by: Roger Dooley

Would you be limiting yourself if you targeted advertising only at
those who were above average in whatever characteristic related to your
product (say, intelligence, good looks, athletic ability,
perserverance, etc.)? In a word, NO. Studies show that across a wide
spectrum of measures, almost everyone considers themselves to be above
In the neuroeconomics book Your Money & Your Brain,
author Jason Zweig cites a startling survey result in which two thirds
of a group of drivers surveyed rated their skill, ability, and
alertness the last time they were behind the wheel. That about two
thirds rated themselves as “at least as competent as usual” wouldn’t be
surprising had this group of drivers not been surveyed in the hospital
after having crashed their cars! Zweig goes on to describe the actual
police report data, which showed that two thirds of the group were
directly responsible for their accidents, the majority had multiple
traffic violations, etc.

Just about
every self-measure ends up the same way. I’ve learned that creating
employee compensation plans that people think are fair is very
difficult, since most employees consider themselves to be above average
performers, and the rest rate themselves as average. Thus, anyone with
a below average salary (typically half the employee population) will
automatically perceive themselves as underpaid versus their peers. And,
since people don’t hesitate to rate others as below average, even being paid the same as other employees can create dissatisfaction.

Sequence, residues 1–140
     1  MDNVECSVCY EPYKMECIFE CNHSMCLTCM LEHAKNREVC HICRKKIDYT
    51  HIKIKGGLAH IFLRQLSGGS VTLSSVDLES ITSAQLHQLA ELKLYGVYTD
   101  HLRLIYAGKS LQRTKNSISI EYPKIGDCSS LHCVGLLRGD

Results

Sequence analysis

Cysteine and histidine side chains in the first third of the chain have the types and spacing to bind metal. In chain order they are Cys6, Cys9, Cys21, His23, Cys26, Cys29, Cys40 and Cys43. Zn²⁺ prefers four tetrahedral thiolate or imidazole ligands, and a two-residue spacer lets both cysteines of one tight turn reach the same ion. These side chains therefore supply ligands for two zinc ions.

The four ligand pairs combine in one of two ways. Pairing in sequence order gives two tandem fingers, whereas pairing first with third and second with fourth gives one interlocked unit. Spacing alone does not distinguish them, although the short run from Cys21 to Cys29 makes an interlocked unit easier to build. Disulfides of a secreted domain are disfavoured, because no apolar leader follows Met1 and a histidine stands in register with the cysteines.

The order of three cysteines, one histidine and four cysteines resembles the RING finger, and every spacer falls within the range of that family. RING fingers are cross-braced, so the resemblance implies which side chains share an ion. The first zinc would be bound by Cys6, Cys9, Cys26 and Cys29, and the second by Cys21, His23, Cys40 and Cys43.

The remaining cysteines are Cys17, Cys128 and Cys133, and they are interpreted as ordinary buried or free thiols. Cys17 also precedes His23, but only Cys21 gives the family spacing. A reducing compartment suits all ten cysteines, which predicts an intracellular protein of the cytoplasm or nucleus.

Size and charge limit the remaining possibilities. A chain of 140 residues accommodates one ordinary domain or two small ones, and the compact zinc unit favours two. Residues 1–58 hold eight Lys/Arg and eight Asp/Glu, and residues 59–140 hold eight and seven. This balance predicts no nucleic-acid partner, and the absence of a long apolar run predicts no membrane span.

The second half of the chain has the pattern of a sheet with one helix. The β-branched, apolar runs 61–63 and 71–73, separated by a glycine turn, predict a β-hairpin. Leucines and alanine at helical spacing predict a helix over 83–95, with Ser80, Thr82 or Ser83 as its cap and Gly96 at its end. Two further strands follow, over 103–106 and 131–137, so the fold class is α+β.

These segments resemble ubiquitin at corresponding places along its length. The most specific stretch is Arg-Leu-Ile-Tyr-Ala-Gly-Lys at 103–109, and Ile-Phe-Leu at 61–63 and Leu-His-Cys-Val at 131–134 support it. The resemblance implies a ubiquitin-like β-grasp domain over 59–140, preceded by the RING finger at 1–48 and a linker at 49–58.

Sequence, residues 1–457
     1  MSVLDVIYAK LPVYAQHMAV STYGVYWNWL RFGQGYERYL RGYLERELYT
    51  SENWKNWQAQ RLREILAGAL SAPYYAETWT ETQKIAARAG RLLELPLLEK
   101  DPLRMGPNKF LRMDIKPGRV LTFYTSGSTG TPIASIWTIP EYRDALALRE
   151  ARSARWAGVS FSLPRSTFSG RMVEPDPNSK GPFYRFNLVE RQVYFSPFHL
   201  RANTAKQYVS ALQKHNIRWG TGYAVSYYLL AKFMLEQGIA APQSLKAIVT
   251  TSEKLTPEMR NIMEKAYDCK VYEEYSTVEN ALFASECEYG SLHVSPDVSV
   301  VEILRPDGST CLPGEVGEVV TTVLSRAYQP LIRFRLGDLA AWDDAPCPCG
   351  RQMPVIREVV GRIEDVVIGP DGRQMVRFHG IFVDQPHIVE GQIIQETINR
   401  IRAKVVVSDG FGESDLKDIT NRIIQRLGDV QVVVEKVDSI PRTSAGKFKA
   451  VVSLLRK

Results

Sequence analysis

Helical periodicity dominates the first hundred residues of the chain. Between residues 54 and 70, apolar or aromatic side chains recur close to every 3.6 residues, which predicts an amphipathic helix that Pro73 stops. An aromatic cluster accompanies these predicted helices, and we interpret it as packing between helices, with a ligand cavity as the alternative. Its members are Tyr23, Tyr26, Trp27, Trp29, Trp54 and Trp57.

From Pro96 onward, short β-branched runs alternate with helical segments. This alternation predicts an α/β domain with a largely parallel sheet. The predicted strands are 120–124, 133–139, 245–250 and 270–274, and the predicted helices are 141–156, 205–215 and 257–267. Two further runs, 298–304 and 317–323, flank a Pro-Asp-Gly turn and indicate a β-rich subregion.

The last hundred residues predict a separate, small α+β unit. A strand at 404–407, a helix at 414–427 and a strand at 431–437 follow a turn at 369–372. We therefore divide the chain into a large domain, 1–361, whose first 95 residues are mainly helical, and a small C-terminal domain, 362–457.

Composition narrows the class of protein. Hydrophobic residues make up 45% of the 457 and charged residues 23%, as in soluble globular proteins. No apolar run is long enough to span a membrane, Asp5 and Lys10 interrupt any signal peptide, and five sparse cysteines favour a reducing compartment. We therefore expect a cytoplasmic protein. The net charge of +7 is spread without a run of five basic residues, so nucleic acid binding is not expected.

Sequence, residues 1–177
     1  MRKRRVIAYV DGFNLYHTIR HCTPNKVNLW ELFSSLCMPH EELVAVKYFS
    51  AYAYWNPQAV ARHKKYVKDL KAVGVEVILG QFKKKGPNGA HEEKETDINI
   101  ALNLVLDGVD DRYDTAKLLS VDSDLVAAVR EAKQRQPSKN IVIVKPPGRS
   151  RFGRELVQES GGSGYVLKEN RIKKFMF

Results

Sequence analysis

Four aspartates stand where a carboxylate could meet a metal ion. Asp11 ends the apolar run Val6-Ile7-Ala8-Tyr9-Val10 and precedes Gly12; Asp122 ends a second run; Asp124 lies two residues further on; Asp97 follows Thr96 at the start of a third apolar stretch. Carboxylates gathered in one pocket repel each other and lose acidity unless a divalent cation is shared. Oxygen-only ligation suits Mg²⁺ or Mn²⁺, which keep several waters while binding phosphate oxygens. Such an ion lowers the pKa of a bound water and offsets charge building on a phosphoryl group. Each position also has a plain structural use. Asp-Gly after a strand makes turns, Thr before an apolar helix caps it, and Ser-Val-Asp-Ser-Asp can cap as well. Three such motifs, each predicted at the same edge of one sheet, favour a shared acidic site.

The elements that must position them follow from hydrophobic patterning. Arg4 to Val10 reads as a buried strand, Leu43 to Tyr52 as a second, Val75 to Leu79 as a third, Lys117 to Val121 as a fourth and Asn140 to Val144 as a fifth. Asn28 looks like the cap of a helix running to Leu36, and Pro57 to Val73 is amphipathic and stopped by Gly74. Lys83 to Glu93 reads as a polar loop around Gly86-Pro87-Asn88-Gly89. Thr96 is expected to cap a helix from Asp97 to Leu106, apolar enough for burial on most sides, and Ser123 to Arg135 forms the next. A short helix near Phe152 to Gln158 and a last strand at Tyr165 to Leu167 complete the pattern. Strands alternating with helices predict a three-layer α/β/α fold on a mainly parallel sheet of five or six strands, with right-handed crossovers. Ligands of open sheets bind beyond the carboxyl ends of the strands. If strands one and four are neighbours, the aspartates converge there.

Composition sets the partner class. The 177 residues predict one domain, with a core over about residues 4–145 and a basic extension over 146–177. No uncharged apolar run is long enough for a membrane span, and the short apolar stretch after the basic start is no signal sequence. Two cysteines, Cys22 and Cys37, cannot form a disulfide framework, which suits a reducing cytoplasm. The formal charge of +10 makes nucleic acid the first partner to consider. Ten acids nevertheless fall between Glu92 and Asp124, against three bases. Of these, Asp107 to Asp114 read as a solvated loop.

cites a rule of thumb that for any given measure, about three quarters
of subjects surveyed will count themselves as above average - even
though, by definition, about half the population should be below
average. In fact, if you assume that instead of a rigid 50% dividing
line that people probably group themselves in thirds - i.e., a third
above average, a third about average, and a third below - the 75%
number seems even more delusional. But, that’s normal. Garrison Keillor
famously describes the fictional Lake Wobegon as, “where all the women
are strong, all the men are good-looking, and all the children are
above average.” As it turns out, he might be describing the entire
nation, at least from a self-reporting standpoint.

Zweig uses
this data to set up an explanation of why investors are overly
optimistic about their own investing skill and even their past results.
In one survey, far more investors reported that they had “beaten the
Dow” in the previous year than actually had. (In my own experience,
almost everyone I know who has come back from a trip to Las Vegas
either won or “broke even.” Makes you wonder how all those casinos stay
in business…)

From a neuromarketing standpoint, advertisers
should keep this odd brain quirk in mind. A pitch geared to those who
are below the median in some way may end up falling on deaf ears
because the audience doesn’t identify with that category. Instead,
appealing to the above average with the suggestion of further
improvement may be more successful. (”Your hair looks good now, but
with our new shampoo, it will look incredible!”)

where individuals are more realistic or even pessimistic about how they
compare with everyone else may exist. It wouldn’t surprise me if many
people thought that their neighbors had, say, more disposable income
than they did. And in some categories, like remedies for baldness,
appealing directly to the consumer’s concern about comparing poorly to
the rest of the population may still be highly effective. By and large,
though, advertisers won’t go wrong by overestimating the consumer’s opinion of himself.

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